“Petro-based [chemical] agribusiness farming, using excess nitrogen [not a mineral, according to Fryer] to attain high yields, tends to demineralize the crops and provide less nutritious vegetables, fruits and feeds for livestock and poultry.  Also, - - - this system invites pest damage and [leads to] an excessive use of toxic pesticides.”  If you’ve eaten vegetables or fruits that taste like cardboard, that’s because they essentially are.

“A full report of Dr. Bear’s work was published in the ‘Proceedings of the Soil Science Society of America’, Volume 13, 1948, under the title ‘Variations in Mineral Composition of Vegetables’.  An overall summary of the results showed the following variations in total mineral matter, the basic indicator of nutritional value.”

Total Mineral Matter As a Percent of Weight

Kind of Vegetable

Lowest

Highest

Difference*

Snap Beans

4.0%

10.5%

263% 

Cabbage

6.1%

10.4%

170% 

Lettuce

7.0%

14.3%

204% 

Tomatoes

6.3%

14.3%

203% 

Spinach

12.4%

14.3%

              231% 

* Note:  The difference figures were supplied by Gary Kline.

“Dr. Firman Bear’s pioneer investigations stimulated other competent field studies; for example, a series of tissue analysis tests on corn plants conducted in Ohio:  These field tests were conducted in 1965 by the Ohio Plant Laboratory [at] Ohio State University - - - serving thousands of farmers, as well as non-profit organizations of neighboring states.”  Today’s research serves mainly mega corporations.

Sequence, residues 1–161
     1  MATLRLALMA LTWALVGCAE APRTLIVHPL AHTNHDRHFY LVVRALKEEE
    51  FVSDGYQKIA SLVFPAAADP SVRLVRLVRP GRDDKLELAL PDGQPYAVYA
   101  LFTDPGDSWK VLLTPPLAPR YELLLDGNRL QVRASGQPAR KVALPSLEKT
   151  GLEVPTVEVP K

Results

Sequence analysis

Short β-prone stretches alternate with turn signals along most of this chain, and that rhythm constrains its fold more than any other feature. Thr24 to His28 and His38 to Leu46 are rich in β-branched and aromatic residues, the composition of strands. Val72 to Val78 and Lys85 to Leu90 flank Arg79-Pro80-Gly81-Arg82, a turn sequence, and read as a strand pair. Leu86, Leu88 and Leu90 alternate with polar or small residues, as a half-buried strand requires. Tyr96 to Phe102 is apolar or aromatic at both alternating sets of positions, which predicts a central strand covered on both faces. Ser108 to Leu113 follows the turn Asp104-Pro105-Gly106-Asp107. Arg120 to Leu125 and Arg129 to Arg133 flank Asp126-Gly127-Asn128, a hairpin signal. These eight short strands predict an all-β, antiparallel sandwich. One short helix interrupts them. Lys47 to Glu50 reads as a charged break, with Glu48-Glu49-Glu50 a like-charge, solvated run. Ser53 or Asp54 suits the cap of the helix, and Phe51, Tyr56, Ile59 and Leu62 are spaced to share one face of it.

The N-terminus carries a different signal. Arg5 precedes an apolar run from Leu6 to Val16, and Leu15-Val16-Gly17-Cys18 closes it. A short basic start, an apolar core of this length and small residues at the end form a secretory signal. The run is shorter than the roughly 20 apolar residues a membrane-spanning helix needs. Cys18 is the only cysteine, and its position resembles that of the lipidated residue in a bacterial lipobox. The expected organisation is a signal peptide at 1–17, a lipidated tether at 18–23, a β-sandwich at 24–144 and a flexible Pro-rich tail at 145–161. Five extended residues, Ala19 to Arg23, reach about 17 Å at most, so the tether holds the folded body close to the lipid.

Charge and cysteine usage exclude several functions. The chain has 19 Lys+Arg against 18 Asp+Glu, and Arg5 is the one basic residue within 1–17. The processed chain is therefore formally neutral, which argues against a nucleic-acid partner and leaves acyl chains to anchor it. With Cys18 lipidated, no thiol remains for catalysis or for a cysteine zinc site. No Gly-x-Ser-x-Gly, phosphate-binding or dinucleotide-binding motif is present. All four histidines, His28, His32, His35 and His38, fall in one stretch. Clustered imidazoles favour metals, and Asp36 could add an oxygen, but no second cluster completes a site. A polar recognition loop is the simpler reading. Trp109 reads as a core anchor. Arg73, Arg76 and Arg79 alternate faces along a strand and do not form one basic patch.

“A summary of the results of these field tests for minerals in the corn plants was published in the ‘Soil Science Society Journal’, Volume 2, 1967.  It showed the following variations in the amounts of key minerals:

Mineral

Variations in Tissue Content

(in parts per million)

Iron (Fe)

From 10 to over 250

Copper (Cu)

From 2 to over 50

Zinc (Zn)

From 2 to over 100

Such variations cannot be accounted for by genetic factors.  Rather, they reflect, mainly, differences in soil fertility and fertilizer practices; the ways the corn was grown.”

“Debasing the natural corn crop with excess nitrogen [from simplistic NPK applications] is a fair example [of techniques to increase crop yields and obtain higher prices rather than to sustain nutritional values].  While increasing the yield by 100 bushels per acre, we reduced the protein content by 30% and demineralized the crop.  This promotes poor nutrition of livestock and high veterinary costs, plus blizzards of corn ear worm moths and chronic infestations of afflatoxin disease.”

It is important here to note that continuous NPK fertilization produces exhaustion of trace minerals, leading to dead soil, reduced organic matter and topsoil loss from erosion.

“Adequate attention is not being given, yet, to the use of advanced technology and crop testing to remineralize America’s corn crop, while sustaining high yields; thus reducing disease, pollution and pest control costs.”

Corn has gotten a reputation for being nutritionally empty and not worth eating.  Not all corn, of course.  But I think we can see why that is so.

                                             

© 2014 Gary L. Kline

All Rights Reserved